BBQ Smoking Woods

Choosing BBQ Smoking Woods

Have you ever been to a great barbecue restaurant and just stood outside and inhaled that wonderful smoke billowing from a wood fired, brick pit? There is just something special about how barbecue smells as it slow cooks for hours upon hours. Let’s get to work now on trying to duplicate that same aroma in your own smoker.

Wood Varieties

          The type of wood you use will make a big difference. The general rule of thumb is that fruit woods are mild and sweet, hard woods are more robust and savoury, and nut woods produce a strong smokey flavour. This includes such woods as hickory, oak, Holm oak, olive, almond and pecan. Fruit woods would include apple, cherry, lemon, orange,and peach. Do not use coniferous or oleander woods (pine, cedar, fir, hemlock, cypress, and spruce are some common ones).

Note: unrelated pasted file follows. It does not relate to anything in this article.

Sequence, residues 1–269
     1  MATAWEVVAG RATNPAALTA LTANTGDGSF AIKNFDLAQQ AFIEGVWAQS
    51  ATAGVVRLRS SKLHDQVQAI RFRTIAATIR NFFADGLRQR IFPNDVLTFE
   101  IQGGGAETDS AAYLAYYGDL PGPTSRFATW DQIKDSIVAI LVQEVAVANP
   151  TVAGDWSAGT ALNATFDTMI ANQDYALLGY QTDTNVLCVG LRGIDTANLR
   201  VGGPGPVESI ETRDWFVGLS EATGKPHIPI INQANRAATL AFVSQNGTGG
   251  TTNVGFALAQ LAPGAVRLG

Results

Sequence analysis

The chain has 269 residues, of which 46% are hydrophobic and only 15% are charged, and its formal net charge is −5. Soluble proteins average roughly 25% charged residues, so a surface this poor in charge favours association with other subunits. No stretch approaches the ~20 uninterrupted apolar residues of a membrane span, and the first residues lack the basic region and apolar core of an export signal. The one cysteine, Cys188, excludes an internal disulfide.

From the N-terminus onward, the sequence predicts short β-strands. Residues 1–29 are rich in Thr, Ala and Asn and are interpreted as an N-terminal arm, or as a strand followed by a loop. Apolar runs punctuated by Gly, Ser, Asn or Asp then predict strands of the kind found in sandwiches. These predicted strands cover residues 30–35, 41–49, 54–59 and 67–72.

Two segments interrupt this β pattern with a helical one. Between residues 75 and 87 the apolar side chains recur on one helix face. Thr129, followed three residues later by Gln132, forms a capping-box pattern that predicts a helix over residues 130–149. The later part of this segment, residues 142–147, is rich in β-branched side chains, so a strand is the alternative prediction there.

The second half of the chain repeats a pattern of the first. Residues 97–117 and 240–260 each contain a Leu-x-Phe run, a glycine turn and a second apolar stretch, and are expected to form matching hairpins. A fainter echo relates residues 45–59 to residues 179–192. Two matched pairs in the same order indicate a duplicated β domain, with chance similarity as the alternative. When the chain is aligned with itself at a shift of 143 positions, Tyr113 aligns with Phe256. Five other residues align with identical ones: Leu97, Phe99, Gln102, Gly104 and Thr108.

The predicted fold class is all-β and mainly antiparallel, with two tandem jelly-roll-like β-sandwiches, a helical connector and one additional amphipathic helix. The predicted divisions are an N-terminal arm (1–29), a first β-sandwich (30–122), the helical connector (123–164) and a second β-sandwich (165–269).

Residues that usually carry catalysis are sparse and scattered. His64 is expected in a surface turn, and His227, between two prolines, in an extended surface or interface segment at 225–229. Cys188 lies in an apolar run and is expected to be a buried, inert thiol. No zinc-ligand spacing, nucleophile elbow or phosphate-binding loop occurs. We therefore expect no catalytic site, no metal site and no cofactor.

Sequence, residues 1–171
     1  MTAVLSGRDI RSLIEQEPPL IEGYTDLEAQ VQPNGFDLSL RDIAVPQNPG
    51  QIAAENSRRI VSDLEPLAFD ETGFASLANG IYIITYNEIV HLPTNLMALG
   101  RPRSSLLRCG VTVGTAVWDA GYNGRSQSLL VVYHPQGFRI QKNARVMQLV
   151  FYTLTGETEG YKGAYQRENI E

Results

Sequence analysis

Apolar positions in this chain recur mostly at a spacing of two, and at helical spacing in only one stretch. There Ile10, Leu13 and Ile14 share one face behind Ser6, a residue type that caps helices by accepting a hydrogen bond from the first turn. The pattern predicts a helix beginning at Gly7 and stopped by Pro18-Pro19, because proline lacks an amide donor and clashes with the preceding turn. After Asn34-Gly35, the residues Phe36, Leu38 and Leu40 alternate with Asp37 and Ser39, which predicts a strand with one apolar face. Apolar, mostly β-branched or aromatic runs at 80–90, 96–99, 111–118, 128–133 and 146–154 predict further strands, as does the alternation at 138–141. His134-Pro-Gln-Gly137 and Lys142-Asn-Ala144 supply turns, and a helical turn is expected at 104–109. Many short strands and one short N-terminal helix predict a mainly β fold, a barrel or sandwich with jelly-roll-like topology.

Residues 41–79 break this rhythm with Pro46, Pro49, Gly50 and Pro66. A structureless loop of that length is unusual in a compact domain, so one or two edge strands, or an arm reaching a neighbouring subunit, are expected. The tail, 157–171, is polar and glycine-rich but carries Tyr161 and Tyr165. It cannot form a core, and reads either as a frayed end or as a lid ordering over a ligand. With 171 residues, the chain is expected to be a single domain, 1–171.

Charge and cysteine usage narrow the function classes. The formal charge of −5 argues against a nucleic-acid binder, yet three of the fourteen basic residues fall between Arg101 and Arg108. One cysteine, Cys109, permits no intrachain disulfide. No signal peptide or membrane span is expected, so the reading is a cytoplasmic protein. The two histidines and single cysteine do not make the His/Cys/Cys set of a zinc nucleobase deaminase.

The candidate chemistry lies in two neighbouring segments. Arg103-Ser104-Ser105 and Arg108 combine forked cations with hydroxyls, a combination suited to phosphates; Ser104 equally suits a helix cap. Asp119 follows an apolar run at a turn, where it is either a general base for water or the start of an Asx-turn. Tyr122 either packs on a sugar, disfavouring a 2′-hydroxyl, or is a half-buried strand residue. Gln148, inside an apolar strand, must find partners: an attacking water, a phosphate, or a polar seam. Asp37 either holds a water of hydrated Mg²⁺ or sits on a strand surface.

Wood Forms

          Wood can come in several forms. Logs, split logs, chunks, chips, dust, and pellets.

  • As a fuel source, wood in the form of logs or split logs is the best choice for providing the most BTUs.
  • Wood chunks are better suited for using in a Kamado for a long smoulder without opening the lid.
  • Wood chips provide little heat but a lot of smoke.
  • Wood pellets are a compressed wood product. Some smokers like GMG and Traeger use pellets as the heat source and smoke flavour.But they can also be used like wood chips.
  • Wood Dust is used for cold smoking.

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